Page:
Cleanup: clip, snip, spray

Since I tackled the patio a bit the other day, I should really work on the bed that's next to the patio, as I look at it all the time.

A couple of grasses mainly, some perennials, a few herbs. I really consider this to be two or three planting beds even though they're connected. I'm not going to tackle what's behind the grasses today.


Here's what this area looked like in the Fall:

It's a Pennisetum alopecuroides and a growing patch of Imperata cylindrica 'Rubra' (aka "Japanese Bloodgrass"). This is an extremely invasive grass in the South, and hopefully it isn't determined to be invasive here in the St. Louis area too, because it's really a beautiful color that doesn't have a replacement (at least that I know of). Loppers for the Pennisetum...

Then the hedge shears for the Bloodgrass...

Once the grass is out of the way, I can see that there is an English thyme that looks to have become a former English thyme. I'll leave the roots intact, but I doubt this one is coming back.

There's also a 'Matrona' sedum (which I love almost as much as the deer do) and a Salvia nemerosa 'East Friesland' that is left over from the initial version of this bed. I buried the salvia years ago, but it pushed its way through. It's not thriving, but I don't have the heart to pull it out.

That's the Salvia at the lower right of the photo.

After all of the Bloodgrass is gone, I can see one of the problems that I've been fighting in this area (and others in my yard) for years: violets.

They get in the grass and you can't see them. Apparently they need no light to grow, and pretty soon there is a nice patch of violets under there that are really difficult to get rid of. Normally I would pull them by hand and stay away from the chemicals, but...

...this year I'm going for the chemicals. I really don't like using herbicides of any type, opting for mechanical (hand pulling) or flame removal of weeds, but these violets are getting out of hand. Plus I don't have the time to spare for 6 hours of hand weeding. So, I'll turn to the chems. Since most other plants are not active yet (like the grasses), I'll use an all-purpose "kill everything growing" type of herbicide. Even then I'll try to spray it only on the leaves of the plants I want to kill and only use enough to wet the leaves, which is usually only one short spray.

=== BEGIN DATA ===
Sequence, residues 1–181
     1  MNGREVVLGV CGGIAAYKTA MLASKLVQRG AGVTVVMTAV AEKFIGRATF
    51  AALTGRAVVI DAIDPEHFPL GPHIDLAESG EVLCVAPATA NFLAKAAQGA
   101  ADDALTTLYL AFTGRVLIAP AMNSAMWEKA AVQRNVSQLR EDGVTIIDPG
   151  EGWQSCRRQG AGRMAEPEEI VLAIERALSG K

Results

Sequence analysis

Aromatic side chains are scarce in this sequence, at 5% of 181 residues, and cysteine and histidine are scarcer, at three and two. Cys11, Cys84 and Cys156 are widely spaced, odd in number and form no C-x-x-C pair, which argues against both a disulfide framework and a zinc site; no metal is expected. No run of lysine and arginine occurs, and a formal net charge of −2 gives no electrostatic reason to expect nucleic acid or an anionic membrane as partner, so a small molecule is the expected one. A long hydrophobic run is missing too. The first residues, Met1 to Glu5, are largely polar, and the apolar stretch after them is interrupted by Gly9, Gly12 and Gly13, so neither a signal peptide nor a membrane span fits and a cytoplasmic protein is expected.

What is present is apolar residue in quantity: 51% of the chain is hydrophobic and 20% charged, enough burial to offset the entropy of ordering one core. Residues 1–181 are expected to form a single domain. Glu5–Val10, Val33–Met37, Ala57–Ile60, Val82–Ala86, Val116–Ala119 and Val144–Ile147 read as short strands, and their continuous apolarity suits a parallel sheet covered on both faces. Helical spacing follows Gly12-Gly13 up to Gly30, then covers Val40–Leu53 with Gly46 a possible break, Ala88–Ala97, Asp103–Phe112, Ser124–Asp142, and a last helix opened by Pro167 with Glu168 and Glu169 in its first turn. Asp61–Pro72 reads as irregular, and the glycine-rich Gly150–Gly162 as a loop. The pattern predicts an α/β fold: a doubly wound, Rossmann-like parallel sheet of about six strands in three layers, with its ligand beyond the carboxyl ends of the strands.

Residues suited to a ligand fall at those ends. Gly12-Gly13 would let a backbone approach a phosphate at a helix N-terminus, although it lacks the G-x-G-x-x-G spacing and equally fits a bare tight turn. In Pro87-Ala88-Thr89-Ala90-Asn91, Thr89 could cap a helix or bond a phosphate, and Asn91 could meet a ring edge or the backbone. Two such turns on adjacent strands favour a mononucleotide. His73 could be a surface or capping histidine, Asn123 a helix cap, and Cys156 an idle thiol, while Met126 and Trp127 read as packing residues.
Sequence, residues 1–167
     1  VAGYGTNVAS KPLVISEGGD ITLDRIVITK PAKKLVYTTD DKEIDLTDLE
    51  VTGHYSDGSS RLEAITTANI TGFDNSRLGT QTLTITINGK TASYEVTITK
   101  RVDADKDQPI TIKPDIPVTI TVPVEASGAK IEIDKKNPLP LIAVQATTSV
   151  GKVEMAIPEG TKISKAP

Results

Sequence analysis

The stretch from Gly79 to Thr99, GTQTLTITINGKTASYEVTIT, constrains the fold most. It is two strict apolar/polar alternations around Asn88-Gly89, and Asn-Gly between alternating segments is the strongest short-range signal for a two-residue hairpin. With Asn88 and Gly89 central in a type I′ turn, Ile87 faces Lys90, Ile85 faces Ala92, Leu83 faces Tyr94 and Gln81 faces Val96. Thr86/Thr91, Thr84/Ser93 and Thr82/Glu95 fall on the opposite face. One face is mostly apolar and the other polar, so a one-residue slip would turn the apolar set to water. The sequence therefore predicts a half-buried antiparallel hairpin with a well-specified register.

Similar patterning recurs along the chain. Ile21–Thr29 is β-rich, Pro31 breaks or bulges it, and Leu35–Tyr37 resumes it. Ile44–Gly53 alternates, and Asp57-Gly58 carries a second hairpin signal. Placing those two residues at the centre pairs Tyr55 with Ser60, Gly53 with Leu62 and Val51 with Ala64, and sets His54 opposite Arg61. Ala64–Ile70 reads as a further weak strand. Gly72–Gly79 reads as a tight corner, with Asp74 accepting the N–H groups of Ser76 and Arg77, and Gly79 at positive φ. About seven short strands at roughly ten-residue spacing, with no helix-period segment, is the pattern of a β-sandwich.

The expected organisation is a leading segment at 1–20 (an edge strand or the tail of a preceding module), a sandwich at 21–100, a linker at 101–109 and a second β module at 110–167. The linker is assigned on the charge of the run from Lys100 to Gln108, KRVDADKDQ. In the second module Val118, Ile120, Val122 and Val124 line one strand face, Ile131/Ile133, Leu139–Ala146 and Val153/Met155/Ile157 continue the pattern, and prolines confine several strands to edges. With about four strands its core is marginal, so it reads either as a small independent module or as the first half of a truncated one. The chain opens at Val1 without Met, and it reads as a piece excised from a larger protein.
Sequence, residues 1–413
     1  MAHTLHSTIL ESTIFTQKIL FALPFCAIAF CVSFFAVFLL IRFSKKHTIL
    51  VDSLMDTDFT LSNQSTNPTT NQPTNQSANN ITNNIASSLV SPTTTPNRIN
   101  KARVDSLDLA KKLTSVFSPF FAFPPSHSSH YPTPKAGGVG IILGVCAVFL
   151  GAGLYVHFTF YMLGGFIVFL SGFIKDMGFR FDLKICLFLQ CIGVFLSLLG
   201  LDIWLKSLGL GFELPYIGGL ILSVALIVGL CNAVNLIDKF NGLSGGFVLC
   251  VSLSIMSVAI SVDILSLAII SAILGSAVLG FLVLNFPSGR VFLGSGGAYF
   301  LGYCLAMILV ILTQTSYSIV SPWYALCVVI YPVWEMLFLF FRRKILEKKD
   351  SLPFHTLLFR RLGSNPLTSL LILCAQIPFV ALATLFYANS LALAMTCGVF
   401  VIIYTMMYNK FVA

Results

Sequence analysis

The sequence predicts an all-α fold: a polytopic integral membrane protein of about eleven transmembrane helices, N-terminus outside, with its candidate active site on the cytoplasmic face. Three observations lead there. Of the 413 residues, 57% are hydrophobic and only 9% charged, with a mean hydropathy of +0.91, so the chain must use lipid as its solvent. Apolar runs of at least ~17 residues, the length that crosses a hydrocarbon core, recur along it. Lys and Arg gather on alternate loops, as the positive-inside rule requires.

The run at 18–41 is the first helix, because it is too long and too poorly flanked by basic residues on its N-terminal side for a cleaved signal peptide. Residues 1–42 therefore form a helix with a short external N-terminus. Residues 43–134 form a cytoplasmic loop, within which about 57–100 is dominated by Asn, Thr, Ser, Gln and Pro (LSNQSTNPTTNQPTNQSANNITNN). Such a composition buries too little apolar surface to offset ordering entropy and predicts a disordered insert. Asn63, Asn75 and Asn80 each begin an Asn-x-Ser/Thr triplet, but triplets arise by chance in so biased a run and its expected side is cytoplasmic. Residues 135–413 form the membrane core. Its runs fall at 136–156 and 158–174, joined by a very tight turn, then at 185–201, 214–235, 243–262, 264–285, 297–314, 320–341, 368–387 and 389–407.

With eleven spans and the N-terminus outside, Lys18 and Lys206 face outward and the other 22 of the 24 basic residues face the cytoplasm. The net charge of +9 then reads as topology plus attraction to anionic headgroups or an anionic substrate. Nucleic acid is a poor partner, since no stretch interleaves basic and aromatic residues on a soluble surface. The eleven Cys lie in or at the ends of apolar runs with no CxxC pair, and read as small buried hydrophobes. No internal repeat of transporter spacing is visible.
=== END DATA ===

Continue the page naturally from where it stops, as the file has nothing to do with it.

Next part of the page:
I'll also take this time to spray the violets in other planting beds. Some beds have just a few violets, but some have large patches. I won't do anything with the violets in my lawn right now. I haven't decided yet what I'm going to do about the lawn.

They're quite attractive when flowering, but they'll quickly take over and their seeds are apparently small enough to be wind-borne so they'll grow everywhere.

I also pulled a couple of pots out of the garage. The first is a Pennisetum setaceum 'Rubrum' that I just put in there after it went dormant.

I don't know if this will come back, but we'll see. I'm doubtful because I didn't give it any water at all and it was pretty dry. If it does come back I'll put it in the ground, as I know from past experience that it's completely rootbound in that pot. Just needs a chopping and a soaking and hopefully in a couple of weeks I'll see some new growth:

The second is one of my "Elephant Ears" -- Colocasia esculenta. I grew these for the first time last summer and loved them.

They did really well in large pots, and I'll try some in the ground this year too. They don't look like much right now, and I'm not sure if I cut enough of the stems off in the Fall, but they were so nice last year:

Their huge leaves are such a great contrast for the bamboo and other small-leaved plants!

Since I've never stored these over the Winter before, I have at least one rootball that I removed from a pot and stored dry, and I bought a fresh tuber as a backup plan. Plus I have three small plants of a different species that I've been growing indoors, so I should be set with Elephant Ears this year, even if the ones I kept in the pots don't come back.

How long did it take?  about 45 minutes
Total time spent on clean-up so far this year: 13:45 (13 hours 45 minutes)

Blog Widget by LinkWithin

Post a Comment

  © Blogger template Shush by 2009

Back to TOP